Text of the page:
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Published September 1, 2020

 

 

It may be hot here, but at least we’re not in Death Valley

By John Toth / The Bulletin

The outside temperature rose to 100 degrees Fahrenheit the other day as I was driving around Brazoria County - time to turn the air conditioning to max.

The hourly news on the radio made me feel a little better. It got up to 135F in Furnace Creek, Death Valley, CA. Compared to that, we were experiencing a cool front.

My brother-in-law in Arizona has been keeping me updated on the daily temperatures around Phoenix. It was 115F that day. They have been above 110F for over a month. Even with the low humidity there, that is just too much.

If the 135F is confirmed by the National Weather Service, it will be the highest temperature ever reliably recorded on Earth.

It beats out the previous record of 134F in 1913, also in Death Valley. But that record came into doubt some time ago, because other temperatures recorded in that region did not corroborate it. That opened the No. 2 spot to Tunisia in 1931, when the highest temperature recorded was 131F.

However, this is now also in doubt because that reading, as well as others that were made in Africa around that time, have serious credibility issues.

Just writing about this topic makes me want to turn the thermostat up a few notches.

I came to Texas in 1979 to start working at the Daily Tribune in Bay City as a cub reporter right out of college, glad to be able to find a job in my career field. I spent my first night in a mobile home with no air conditioning, trying to figure out all night how not to stick to the couch.

After making it through a tropical storm and barely avoiding a hurricane, which turned at the last minute and left Bay City alone, I decided to stay. I reasoned that I could stand the warmth, humidity and a few hurricane threats better than the freezing cold winters.

I like to wade in the Gulf of Mexico when the water temperature is almost as high as on dry land. I hated the cold ocean water in Maine. I have no idea how people can go swimming there without freezing.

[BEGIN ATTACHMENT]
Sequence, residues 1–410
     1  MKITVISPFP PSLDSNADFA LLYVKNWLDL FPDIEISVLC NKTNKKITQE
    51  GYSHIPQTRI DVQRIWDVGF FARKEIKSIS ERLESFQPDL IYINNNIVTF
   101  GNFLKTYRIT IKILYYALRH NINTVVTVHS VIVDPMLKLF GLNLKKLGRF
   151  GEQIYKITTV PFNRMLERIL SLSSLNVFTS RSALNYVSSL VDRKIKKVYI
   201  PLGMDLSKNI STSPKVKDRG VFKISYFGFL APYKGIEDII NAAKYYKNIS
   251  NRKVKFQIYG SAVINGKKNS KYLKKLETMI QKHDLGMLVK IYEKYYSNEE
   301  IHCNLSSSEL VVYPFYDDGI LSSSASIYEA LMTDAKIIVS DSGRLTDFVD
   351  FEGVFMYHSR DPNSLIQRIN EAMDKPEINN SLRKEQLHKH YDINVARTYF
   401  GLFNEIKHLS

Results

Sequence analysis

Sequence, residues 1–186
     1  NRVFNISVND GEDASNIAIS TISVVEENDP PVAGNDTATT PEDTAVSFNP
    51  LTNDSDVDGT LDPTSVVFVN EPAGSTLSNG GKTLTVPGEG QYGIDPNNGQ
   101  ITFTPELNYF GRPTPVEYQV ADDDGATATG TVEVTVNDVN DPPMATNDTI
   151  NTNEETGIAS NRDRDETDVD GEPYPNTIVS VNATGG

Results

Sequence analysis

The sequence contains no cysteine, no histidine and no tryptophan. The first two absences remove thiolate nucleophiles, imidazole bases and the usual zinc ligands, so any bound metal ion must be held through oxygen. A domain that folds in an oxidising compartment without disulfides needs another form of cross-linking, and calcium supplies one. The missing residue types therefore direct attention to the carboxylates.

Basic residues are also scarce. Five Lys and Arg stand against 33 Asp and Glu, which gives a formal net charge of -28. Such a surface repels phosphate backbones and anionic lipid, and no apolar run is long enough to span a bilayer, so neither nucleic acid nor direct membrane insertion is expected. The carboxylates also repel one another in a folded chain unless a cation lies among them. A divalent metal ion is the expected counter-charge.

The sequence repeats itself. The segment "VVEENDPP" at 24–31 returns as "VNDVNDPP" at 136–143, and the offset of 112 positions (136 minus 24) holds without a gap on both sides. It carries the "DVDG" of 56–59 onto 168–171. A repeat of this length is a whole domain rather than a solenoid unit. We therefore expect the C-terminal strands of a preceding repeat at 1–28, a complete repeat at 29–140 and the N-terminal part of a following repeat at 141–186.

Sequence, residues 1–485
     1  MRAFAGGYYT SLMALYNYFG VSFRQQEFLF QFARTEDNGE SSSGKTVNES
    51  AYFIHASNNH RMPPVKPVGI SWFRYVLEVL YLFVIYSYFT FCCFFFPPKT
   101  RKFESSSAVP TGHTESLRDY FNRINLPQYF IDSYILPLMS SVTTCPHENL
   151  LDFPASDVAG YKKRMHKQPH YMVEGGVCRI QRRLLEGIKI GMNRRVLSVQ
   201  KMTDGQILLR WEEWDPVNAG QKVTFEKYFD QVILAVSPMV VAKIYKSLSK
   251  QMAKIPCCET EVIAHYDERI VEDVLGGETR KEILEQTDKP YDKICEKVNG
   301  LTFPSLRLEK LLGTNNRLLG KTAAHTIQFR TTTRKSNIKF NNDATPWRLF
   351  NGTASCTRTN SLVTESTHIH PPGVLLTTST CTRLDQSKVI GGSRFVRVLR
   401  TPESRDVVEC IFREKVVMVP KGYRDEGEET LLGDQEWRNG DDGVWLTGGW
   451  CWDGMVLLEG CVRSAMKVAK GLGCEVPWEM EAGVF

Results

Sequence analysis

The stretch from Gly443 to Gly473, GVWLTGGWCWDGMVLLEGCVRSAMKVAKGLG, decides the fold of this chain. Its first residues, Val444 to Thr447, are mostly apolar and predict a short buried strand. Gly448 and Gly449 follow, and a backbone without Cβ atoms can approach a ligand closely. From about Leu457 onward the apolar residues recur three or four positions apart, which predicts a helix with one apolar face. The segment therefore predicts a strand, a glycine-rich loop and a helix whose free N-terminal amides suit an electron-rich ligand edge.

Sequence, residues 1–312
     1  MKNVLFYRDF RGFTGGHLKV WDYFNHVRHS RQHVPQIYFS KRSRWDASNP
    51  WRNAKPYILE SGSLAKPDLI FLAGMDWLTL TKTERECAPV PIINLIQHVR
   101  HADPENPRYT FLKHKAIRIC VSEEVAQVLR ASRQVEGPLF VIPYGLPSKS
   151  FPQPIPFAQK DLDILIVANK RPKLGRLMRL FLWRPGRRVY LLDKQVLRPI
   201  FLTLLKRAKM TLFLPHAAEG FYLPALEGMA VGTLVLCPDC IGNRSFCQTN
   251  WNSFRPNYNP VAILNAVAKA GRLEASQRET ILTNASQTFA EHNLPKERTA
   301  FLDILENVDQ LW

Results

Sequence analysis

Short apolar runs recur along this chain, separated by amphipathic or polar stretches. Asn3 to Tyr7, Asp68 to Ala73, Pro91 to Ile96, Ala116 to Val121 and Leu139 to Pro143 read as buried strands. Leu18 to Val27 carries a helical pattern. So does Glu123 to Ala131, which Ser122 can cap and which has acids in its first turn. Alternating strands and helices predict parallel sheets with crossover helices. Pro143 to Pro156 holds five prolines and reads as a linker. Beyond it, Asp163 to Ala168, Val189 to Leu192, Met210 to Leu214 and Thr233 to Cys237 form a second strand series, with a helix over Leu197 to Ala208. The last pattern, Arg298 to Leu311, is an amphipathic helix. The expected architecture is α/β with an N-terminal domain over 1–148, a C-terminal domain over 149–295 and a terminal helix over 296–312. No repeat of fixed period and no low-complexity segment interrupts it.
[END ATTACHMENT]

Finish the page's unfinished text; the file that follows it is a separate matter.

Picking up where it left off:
I like the evening smell of the air after the sun has beaten down on the grass and trees all day. I like the morning dew that greets me as I get the paper and take the dogs for a walk.

I also like the fact that we don’t get near 100F too often.

On a visit to Arizona a long time ago, I went swimming in the Biltmore Hotel pool when the temperature was 105F. When I came out, I started to shiver as that warm dry wind blew through me and created nature’s own swamp cooler.

I don’t plan to visit Death Valley, even though I like the heat. I also like chocolate, but don’t really want to eat a pound of it in one sitting. I also like grape popsicles, but don’t feel like finishing the whole box. I like … never mind, I think I made my point.

“It’s an oppressive heat, and it’s in your face,” Brandi Stewart, who works at Death Valley National Park, told the BBC.

The park’s Facebook page may not be generating too many visitors this time of the year. It reads:

DANGER
EXTREME SUMMER HEAT
Expect high temperatures of 110°F to 120°F+ (43°C to 49°C+).
Drink plenty of water and carry extra.
Avoid hiking (after 10 a.m.).
Travel prepared to survive.
In the case of a heat-related illness, get to a cool place and seek help as soon as possible.

“Travel prepared to survive?” They don’t call it Death Valley for nothing.

(John looks forward to hearing from you on this subject. Send me a note at john.bulletin@gmail.com. You can even send an old-fashioned letter to: The Bulletin, P.O. Box 2426, Angleton, TX. 77516.)